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Whittlewood Research Group

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Leckhampstead Church (Bucks)

The Whittlewood project makes use of a variety of historical documents, both medieval and modern, in order to provide a context for the archaeological research. Studies have been made both of individual settlements and the project area as a whole.

An important feature of the project area was that it was subject to the king’s forest law. This was a Norman innovation, imposed soon after the Conquest, primarily in order to protect the king’s hunting. The law was unpopular with landowners, whose freedom of action, to hunt deer and to clear, enclose and farm their land, was curtailed by forest officials. Part of the project area was disafforested in about 1300. Further details.

Forest justices imposed fines for poaching the king’s deer. The manor known as Heybarne (located in a detached part of Lillingstone Dayrell) appears to have originated as an isolated farmstead from which poachers raided the king’s forest. In later centuries the destructive actions of the deer damaged the manor’s arable.

The land belonging to the manor of Heybarne was cleared of trees and underwood and converted to arable in a process known as assarting. This occurred frequently in Whittlewood Forest in the 12th and 13th centuries when the population was rising. Several examples of assarting leading to the creation and growth of settlements are well documented. These include Puxley (in Passenham parish) and Stockholt (in Akeley parish).

The study of Akeley parish is aided by the survival of a series of manorial court rolls, which reveal many aspects of everyday life in the village in the 14th and 15th centuries. Similar series of records also survive for the manors of Silverstone and Whittlebury, originally a single estate before the creation of separate parishes, the courts for which were held by Luffield Priory and Burnham Abbey in the later Middle Ages.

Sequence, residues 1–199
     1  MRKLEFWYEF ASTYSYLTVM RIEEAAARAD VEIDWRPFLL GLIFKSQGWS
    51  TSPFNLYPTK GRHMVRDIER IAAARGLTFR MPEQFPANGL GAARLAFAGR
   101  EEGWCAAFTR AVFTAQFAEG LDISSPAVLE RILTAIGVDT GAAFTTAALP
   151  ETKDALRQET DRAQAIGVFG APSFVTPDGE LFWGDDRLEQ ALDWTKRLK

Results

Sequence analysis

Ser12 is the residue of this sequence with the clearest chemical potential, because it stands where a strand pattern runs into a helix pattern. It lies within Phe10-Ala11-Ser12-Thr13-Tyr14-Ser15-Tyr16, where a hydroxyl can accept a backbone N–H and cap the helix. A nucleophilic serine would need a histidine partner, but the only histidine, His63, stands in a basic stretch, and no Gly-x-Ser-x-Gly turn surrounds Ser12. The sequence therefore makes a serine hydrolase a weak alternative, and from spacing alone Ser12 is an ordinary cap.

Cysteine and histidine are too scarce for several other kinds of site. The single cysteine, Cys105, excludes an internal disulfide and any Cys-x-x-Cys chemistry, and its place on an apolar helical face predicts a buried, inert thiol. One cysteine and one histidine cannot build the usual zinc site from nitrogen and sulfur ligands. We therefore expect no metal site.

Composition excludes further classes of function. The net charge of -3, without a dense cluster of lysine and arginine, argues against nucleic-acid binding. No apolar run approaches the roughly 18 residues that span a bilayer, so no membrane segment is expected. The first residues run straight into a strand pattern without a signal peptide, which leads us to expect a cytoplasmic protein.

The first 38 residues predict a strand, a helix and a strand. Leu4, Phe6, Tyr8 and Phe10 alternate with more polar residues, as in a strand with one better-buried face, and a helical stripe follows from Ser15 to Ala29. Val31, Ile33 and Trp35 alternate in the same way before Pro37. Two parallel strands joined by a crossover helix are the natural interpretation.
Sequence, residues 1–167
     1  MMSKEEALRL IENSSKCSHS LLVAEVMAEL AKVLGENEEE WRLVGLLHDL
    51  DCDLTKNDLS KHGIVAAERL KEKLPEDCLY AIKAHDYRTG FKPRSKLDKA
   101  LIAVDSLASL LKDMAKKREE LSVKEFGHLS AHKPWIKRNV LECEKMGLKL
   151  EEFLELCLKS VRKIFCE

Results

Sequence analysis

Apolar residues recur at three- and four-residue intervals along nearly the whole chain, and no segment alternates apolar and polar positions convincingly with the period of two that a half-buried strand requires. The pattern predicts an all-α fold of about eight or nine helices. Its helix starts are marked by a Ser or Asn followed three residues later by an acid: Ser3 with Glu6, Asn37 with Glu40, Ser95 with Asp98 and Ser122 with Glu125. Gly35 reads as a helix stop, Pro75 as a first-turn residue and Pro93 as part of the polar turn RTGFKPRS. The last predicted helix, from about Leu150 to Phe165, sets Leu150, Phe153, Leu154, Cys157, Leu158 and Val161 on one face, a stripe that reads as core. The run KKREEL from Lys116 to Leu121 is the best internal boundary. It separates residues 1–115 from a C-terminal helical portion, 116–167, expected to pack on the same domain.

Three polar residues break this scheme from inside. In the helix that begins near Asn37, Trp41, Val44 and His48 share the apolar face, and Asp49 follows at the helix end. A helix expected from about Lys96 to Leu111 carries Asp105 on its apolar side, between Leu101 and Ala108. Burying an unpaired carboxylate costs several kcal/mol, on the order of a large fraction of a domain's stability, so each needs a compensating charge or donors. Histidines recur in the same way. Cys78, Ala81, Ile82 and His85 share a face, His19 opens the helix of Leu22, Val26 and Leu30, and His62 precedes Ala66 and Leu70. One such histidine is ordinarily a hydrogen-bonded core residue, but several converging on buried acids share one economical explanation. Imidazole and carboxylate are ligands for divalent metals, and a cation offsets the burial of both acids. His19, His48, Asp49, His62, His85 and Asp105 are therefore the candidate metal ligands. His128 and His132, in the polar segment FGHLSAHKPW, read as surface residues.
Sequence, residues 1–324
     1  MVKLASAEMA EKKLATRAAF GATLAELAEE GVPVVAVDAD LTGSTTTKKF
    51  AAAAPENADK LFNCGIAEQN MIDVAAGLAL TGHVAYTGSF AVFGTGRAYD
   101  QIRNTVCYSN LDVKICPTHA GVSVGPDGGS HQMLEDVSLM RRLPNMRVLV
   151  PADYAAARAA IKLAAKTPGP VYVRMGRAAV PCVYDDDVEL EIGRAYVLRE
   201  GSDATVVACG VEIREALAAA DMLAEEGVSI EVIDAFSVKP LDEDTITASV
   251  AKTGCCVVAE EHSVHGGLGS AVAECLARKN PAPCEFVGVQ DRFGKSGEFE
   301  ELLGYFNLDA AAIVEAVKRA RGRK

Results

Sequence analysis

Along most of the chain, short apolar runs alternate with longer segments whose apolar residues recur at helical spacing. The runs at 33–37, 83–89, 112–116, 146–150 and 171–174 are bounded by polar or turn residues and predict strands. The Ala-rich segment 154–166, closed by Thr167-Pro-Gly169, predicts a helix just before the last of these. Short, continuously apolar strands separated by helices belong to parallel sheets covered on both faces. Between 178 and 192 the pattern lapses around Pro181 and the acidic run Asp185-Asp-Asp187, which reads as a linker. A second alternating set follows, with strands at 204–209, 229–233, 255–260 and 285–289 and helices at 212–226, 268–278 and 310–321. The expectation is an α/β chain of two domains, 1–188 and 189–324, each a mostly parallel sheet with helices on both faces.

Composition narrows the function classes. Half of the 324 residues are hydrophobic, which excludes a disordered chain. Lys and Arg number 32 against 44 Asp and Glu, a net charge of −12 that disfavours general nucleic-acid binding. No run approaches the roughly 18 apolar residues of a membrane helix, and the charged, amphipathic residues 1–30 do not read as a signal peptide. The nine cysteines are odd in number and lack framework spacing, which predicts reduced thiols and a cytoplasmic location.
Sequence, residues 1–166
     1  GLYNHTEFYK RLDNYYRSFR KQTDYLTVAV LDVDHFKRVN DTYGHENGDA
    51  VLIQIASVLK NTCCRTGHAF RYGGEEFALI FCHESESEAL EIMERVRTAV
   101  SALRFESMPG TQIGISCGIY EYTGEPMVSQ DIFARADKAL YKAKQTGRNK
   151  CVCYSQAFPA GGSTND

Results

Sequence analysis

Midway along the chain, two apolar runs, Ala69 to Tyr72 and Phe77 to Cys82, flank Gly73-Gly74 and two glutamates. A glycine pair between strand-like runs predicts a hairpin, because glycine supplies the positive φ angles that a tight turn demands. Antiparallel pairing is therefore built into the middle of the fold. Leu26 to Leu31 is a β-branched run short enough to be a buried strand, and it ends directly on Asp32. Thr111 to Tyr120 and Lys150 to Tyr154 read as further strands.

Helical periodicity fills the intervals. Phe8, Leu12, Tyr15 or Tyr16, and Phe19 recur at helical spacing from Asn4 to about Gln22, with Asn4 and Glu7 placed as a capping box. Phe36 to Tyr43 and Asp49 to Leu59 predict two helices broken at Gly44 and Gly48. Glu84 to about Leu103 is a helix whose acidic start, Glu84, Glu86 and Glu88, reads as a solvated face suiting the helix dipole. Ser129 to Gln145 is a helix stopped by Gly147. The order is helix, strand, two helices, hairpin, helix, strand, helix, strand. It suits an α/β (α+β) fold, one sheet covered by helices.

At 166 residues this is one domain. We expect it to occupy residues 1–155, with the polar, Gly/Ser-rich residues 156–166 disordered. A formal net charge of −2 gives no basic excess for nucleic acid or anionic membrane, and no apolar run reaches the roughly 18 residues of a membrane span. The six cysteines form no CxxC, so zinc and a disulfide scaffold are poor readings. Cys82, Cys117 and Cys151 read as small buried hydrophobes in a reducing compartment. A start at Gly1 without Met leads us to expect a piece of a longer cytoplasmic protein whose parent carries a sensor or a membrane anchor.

Evidence of the division of large estates to create smaller manors and parishes can be found in other parts of the project area. For example, the Lillingstones were probably a single estate before the Norman Conquest, of which Lillingstone Lovell appears to have been the primary settlement. The village of Akeley may also have been a relatively late development, its territory originally part of an estate centred on neighbouring Leckhampstead.

Most of the medieval settlements of the project area still survive today, either as living villages or as earthworks which can be surveyed and planned. The most notable exception is the village of Stowe, which was removed by the Temple family to make way for their landscape gardens in the 17th and 18th centuries. Almost no trace of the medieval village survives. The surviving documents, however, reveal something of the lives of its inhabitants in the Middle Ages.

In other cases, the documents reveal little about lost settlements which can be reconstructed by means of archaeological fieldwork. In the parish of Wicken, for example, two deserted medieval hamlets, known as Dagnall and Elm Green, have been surveyed. But there are few references to these places in the historical record.

December 2003